The great evolutionary success of insects is partly linked to the innovation of the cuticle, which underlies a complex exoskeleton with varied functions. Cuticle development is costly because chitin and cuticular proteins require ingested nitrogen. Studying cuticle thickness on a comparative basis allows insight into the trade-off between offspring quality and quantity. This trade-off takes a particular meaning in ant workers because they are wingless, non-dispersers and generally sterile. We selected a comprehensive sample of 42 ant species (40 genera belonging to nine subfamilies) and measured cuticle thickness in workers using labour-intensive histological sectioning of the prothorax. Thickness varied substantially across genera, ranging from 1.3 to 109.8 µm. We correlated thickness with body size, measured as head width. Our results show a strong influence of body size, but also phylogeny, because workers in ‘formicoid’ species tend to have a thinner cuticle (two exceptions). The effect of body size is also obvious in species having size-polymorphic workers. We discuss the idea that a thinner cuticle is associated with miniaturization of workers, and its ecological consequences are buffered in a social environment. We reveal that the bulk of ant species have a very thin cuticle, and this represents cost savings that may partly underlie the massive increase in colony size during adaptive radiation.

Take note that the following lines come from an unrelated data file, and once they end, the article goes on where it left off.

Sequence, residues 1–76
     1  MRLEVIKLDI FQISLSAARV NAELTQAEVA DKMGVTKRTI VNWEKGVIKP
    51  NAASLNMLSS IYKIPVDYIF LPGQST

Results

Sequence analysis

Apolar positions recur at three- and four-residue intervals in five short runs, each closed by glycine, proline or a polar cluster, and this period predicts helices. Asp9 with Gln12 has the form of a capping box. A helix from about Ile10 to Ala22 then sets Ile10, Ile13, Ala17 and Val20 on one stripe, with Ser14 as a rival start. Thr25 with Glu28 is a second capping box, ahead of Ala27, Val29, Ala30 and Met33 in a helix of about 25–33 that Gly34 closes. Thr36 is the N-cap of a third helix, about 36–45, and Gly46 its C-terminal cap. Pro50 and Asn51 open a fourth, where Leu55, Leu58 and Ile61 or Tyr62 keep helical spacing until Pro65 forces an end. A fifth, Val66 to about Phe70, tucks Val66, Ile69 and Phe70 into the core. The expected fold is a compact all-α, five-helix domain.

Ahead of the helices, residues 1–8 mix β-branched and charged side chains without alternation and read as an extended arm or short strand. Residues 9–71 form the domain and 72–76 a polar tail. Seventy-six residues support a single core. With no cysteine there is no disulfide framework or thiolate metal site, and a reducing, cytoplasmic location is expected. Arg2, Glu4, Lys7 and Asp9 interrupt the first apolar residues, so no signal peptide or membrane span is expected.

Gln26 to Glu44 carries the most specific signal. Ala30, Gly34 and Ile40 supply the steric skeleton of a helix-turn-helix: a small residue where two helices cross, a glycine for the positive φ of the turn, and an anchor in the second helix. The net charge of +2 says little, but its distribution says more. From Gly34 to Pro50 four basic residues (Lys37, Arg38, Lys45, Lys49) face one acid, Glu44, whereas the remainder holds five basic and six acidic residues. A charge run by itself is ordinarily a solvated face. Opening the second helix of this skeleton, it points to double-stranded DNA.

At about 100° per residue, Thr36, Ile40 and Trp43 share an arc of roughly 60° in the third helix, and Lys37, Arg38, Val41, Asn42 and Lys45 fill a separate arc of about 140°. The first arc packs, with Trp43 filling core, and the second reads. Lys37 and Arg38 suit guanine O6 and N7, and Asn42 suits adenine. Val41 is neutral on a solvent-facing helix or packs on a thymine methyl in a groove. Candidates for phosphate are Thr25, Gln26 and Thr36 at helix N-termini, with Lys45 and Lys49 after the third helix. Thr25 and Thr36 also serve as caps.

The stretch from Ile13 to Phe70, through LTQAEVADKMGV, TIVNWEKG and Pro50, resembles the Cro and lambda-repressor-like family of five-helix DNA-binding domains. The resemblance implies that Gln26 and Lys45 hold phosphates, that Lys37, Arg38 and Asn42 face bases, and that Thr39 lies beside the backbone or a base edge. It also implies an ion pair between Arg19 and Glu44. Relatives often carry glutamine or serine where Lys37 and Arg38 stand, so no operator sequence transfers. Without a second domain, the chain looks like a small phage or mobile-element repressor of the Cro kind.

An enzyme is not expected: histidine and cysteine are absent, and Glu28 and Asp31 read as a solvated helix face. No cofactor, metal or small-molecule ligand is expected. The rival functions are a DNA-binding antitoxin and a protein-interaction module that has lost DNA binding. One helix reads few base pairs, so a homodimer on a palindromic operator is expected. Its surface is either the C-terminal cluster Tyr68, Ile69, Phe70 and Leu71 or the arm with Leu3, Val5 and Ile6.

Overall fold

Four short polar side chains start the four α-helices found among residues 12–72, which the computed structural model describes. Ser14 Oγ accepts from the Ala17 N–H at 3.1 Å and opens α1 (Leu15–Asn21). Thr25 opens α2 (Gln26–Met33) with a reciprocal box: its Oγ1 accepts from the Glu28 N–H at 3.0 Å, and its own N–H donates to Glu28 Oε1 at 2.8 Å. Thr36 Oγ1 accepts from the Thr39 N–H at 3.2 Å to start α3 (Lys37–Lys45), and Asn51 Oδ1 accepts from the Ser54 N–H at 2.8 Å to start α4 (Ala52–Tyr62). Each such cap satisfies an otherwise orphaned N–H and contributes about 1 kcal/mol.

All Science Journal Classification (ASJC) codes
- Ecology, Evolution, Behavior and Systematics